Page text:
In a week of multiple central bank meetings, Tunisia raised interest rates and Kazaksthan cut them.
But as our weekly review of world economy shows, officials from Frankfurt to Tokyo didn’t have to change monetary policy to move markets.
The lesson is that investors are watching most central banks closely for any sign they’re twisting toward tighter monetary policy.
The European Central Bank left policy unchanged, yet President Mario Draghi and colleagues dropped a pledge to increase quantitative easing if needed.
That’s a sign of increased confidence in the durability of the euro-area outlook, although Bloomberg reported the ECB’s staff is still assuming assets purchasing 30 billion euros in the fourth quarter.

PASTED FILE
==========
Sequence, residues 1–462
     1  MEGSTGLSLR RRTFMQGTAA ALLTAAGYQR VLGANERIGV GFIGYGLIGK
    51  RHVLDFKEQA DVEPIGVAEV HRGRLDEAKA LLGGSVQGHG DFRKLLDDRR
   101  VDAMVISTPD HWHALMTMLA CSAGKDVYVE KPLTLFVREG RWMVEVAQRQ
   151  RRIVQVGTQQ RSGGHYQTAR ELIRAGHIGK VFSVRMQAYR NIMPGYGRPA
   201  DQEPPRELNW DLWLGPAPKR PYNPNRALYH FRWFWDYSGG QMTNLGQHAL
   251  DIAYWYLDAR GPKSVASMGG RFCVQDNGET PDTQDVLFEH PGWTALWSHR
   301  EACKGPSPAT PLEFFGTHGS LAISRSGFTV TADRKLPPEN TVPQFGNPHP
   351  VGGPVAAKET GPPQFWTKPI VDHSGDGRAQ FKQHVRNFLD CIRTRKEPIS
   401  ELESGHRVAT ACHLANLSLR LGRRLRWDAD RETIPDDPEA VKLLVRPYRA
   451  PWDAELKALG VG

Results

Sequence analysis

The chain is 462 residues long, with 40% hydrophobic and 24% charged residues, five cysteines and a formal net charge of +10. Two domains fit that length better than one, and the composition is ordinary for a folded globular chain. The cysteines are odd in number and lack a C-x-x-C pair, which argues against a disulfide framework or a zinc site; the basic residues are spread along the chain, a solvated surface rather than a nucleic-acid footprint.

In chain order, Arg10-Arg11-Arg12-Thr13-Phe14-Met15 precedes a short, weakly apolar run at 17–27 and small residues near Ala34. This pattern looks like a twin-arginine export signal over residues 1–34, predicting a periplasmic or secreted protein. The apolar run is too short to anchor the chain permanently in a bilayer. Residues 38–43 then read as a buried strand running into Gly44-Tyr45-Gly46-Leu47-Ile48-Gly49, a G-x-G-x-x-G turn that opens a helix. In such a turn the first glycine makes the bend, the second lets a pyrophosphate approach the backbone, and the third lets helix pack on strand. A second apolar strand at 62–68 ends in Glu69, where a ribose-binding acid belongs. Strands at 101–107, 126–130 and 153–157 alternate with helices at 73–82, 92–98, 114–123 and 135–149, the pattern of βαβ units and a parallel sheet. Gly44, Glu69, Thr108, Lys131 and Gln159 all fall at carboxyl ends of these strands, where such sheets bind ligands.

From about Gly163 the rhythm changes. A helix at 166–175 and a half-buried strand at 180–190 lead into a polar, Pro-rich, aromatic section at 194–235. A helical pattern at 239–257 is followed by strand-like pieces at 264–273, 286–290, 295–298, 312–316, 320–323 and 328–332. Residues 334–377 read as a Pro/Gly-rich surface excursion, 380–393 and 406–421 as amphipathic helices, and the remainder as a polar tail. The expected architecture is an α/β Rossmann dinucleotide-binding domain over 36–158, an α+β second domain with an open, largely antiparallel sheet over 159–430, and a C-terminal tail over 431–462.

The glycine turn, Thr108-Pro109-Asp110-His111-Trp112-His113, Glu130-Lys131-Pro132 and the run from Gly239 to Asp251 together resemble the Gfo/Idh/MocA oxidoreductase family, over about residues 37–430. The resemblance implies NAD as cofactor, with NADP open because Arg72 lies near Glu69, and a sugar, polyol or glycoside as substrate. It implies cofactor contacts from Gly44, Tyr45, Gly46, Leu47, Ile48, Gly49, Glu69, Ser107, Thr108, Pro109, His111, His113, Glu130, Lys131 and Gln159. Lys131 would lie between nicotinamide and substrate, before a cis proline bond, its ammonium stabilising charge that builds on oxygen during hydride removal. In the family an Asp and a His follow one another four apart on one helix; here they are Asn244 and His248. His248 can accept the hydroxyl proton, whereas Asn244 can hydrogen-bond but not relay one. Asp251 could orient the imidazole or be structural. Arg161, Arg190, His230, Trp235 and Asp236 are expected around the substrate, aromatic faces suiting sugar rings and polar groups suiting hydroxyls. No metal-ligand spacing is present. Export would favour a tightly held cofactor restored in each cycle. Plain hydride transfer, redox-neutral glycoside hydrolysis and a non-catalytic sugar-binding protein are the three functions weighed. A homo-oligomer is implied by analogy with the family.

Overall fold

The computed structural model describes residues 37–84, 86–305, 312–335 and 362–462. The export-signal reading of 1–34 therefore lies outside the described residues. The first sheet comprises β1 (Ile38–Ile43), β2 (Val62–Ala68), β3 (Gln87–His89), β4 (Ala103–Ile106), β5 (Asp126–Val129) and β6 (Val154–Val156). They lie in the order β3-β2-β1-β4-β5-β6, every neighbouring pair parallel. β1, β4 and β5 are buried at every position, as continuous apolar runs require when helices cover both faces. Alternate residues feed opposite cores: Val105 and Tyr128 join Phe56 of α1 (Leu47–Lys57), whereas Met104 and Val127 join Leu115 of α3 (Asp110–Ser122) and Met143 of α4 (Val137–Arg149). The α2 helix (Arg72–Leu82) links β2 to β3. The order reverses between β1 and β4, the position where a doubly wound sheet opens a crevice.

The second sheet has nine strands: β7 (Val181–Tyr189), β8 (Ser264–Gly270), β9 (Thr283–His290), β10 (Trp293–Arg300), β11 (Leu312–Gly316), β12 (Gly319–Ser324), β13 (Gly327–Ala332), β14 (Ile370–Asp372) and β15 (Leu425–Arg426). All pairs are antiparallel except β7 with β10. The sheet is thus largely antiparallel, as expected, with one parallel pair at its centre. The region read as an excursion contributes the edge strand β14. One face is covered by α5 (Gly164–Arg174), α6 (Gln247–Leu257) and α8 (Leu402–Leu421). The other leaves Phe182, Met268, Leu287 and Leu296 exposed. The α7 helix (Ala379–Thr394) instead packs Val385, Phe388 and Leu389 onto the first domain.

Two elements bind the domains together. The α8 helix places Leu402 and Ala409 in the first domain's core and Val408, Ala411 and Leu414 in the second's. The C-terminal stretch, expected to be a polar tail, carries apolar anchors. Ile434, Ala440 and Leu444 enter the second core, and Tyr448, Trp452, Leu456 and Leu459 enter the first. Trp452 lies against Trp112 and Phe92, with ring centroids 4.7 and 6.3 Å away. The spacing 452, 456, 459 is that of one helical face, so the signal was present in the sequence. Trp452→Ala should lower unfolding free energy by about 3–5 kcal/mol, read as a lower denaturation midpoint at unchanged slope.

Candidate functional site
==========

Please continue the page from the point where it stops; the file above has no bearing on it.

Also leaving policy on hold was the Bank of Japan. Governor Haruhiko Kuroda still sought to clarify recent remarks by saying that while it may think about exiting stimulus in the 2019 fiscal year, that does not mean it will actually do so. Economists don’t see any shift this year.
The Bank of Canada indicated it’s in no rush to aggressively hike rates amid trade tensions and Poland’s Central bank extended the likely timing of a rate increase beyond this year after new economic projections.
Malaysia and Turkey also held fire.
Central bankers the world over were virtually united in signaling irritation with President Donald Trump’s decision to slap tariffs on aluminum and steel.
Trump’s decision prompted the resignation of Gary Cohn as his top economic adviser, a move that tilts the internal White House policy debate in favor of hawks who want to shrink the U.S. trade deficit with the world.